In my earlier twenties I received my first credit card. As a college student, working full time to pay my way through college, I still didn’t make enough to cover my books and tuition. I qualified for student loans and took advantage of those as well, adding to the debt I was already creating. By my last year in college I had close to $40,000 in credit card debt and $60,000 in student loans. I admit, I wasn’t smart with my credit cards. I went shopping for clothes, I couldn’t afford at the time. I went on trips, all on plastic. I got my hair done, ate out, got gas… everything on the card. Soon I couldn’t afford the minimum payment, which the interest was causing that to increase at an alarming rate. I had never been educated on debt and coming from a childhood of having nothing, being able to shop was exciting to me- until I had a breakdown. I remember sitting on the bed with all of my statements, bawling my eyes out and then deciding it was time to do something about all my debt. I contacted a credit counseling company and worked out a plan with them. For a small fee, they reduced my interest on most of my cards, consolidated my payment and for the next 8 years I paid them about a thousand dollars a month until the credit card debt was all gone. What a great feeling it was, to make that last payment! I still had my student loans and a line of credit I kept (they allowed me to keep one card), but the $40,000 I had hanging over my head , was gone.
Here I am, ten years later and I still have my line of credit and student loans, plus a Jeep payment. I think I have been comfortable having a little debt, for it hasn’t bothered me as much, since it has been manageable. Each month I make the minimum payments and have money left over for saving and spending. But, just recently, it hit me: I could have so much more freedom, being debt free! I could take a job that pays less, but maybe is more fun. I could travel to the places I say I want to go to. I could work less. I can save up, so I can retire early.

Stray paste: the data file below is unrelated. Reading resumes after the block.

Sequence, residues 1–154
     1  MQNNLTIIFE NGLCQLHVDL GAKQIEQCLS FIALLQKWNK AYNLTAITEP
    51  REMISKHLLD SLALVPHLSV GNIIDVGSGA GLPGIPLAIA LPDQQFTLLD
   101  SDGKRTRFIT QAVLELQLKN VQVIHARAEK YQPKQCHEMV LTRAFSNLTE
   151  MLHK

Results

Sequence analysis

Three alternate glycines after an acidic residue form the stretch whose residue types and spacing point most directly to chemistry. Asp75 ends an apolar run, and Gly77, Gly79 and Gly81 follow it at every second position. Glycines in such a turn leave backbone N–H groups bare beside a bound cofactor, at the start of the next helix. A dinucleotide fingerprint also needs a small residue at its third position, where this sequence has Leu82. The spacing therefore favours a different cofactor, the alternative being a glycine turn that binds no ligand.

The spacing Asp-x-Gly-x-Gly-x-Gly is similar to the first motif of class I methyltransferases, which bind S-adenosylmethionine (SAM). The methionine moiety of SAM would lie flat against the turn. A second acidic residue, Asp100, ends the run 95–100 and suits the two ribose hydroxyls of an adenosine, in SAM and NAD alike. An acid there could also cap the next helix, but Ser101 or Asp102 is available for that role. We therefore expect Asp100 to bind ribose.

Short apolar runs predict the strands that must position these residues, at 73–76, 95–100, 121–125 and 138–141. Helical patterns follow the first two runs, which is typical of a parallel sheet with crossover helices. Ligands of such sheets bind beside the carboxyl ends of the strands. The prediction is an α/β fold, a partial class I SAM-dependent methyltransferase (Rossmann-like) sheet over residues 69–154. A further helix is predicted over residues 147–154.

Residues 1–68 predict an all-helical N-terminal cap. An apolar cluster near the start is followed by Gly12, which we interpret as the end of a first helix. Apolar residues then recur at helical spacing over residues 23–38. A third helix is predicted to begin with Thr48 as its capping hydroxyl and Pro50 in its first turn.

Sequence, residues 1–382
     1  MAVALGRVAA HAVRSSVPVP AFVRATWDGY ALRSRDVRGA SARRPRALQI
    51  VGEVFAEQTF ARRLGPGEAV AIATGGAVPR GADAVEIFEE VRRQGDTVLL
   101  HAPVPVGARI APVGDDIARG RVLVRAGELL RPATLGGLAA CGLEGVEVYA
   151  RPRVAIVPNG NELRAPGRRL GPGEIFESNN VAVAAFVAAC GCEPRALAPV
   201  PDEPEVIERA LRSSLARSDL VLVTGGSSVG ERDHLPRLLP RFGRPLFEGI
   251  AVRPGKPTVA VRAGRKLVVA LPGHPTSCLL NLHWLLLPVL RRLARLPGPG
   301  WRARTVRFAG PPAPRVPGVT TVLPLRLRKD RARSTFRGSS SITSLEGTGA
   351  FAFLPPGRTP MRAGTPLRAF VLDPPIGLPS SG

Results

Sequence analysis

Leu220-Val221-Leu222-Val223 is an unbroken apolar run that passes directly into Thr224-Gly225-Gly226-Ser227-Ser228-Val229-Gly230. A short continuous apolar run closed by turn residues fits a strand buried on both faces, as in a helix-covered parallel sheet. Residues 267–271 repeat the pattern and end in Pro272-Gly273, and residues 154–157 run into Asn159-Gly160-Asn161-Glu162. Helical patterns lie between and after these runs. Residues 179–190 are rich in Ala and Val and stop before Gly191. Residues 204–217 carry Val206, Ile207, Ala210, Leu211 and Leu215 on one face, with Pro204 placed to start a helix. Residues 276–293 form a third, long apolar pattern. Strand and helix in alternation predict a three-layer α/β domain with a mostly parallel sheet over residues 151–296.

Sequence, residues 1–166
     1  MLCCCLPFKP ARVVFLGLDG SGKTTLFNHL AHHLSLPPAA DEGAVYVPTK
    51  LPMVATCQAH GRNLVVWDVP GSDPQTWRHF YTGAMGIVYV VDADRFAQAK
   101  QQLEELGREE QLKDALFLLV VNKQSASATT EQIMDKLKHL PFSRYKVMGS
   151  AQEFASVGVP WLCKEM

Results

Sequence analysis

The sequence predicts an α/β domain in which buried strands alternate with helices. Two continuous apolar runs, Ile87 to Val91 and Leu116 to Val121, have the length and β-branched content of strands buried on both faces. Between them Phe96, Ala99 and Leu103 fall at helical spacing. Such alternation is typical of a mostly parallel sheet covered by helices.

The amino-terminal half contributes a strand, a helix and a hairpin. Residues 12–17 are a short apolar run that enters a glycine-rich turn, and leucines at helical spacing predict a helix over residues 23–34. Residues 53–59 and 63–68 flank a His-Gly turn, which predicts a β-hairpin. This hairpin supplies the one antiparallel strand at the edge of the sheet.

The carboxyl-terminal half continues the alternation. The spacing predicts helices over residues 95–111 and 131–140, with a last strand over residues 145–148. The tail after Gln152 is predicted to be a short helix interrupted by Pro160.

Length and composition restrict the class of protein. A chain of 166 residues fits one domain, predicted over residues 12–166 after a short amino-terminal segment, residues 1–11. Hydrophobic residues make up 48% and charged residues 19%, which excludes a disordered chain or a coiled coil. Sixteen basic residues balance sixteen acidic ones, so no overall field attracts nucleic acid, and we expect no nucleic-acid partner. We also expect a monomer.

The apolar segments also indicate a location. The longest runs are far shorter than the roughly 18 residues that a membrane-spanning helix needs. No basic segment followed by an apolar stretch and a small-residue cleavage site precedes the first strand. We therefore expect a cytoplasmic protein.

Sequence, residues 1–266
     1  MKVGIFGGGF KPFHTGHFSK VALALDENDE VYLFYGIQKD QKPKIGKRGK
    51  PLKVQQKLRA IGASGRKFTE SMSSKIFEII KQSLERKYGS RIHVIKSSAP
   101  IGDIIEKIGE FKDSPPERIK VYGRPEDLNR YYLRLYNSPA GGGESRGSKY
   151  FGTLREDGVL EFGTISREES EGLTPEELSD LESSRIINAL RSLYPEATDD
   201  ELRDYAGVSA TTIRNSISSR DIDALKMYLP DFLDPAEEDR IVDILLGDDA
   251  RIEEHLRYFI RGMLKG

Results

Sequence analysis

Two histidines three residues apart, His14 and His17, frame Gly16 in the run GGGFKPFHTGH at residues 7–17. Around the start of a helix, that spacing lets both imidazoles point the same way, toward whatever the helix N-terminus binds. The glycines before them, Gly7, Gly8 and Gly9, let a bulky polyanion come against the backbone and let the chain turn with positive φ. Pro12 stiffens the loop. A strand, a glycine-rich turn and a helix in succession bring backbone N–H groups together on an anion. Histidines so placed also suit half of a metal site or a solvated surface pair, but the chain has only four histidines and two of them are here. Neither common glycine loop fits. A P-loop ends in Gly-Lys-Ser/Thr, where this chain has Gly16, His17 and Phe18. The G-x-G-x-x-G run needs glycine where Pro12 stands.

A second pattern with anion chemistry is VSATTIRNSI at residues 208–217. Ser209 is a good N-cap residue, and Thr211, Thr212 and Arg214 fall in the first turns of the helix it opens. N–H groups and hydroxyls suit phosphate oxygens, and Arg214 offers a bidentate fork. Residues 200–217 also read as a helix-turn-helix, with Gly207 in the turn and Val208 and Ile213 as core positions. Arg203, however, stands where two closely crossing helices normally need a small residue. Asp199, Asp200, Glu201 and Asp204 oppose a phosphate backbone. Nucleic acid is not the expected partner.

By being debt free, I could pay for my future, rather than my past!
This time around, I do not need the help of the credit counseling company. I know what I need to do and now it is finally time to do it. Starting with the line of credit, that I have had since my early twenties, I am tackling it full force and paying it off! Any extra money I have, after bills, savings and my three cash envelopes (food, fun and spending) will go towards that line of credit. Once that is paid off, I will attack the Jeep balance and then my student loans. My goal is to be debt free (besides the house, which will be tackled last) by time I am forty, which is in 3.9 years. The debt totals around $90,000 between the 3, making it about $30,000 a year; which is actually doable on my salary. If you need help with paying off debt, I found Dave Ramsey’s Baby Steps a good place to start:
- Baby Step 1 – $1,000 to start an Emergency Fund
- Baby Step 2 – Pay off all debt using the Debt Snowball
- Baby Step 3 – 3 to 6 months of expenses in savings
- Baby Step 4 – Invest 15% of household income into Roth IRAs and pre-tax retirement
- Baby Step 5 – College funding for children
- Baby Step 6 – Pay off home early
- Baby Step 7 – Build wealth and give!
Baby steps is doable for me. I like to be social sometimes and being totally deprived of life, won’t work for me. Last night I went out with girlfriends and looked at the menu to find something in my budget. I went with a cup of tortilla soup, that was $7, compared to the $25 carne asada everyone else got. I was full after my cup of soup and every else complained of being too stuffed. Maybe, being on a budget will help with my fitness goals as well! When one of the girls talked of a weekend getaway, costing about $350 a person, I thought, even though it sounds fun, it doesn’t align with my goals right now.
Deciding to be debt free is a tough decision. It demands commitment and better choices. But, I see the freedom that it can give me and the lifestyle I want, so I am going for it!
What ways have you found to pay off debt or become debt free? I would love to hear it! Please comment below.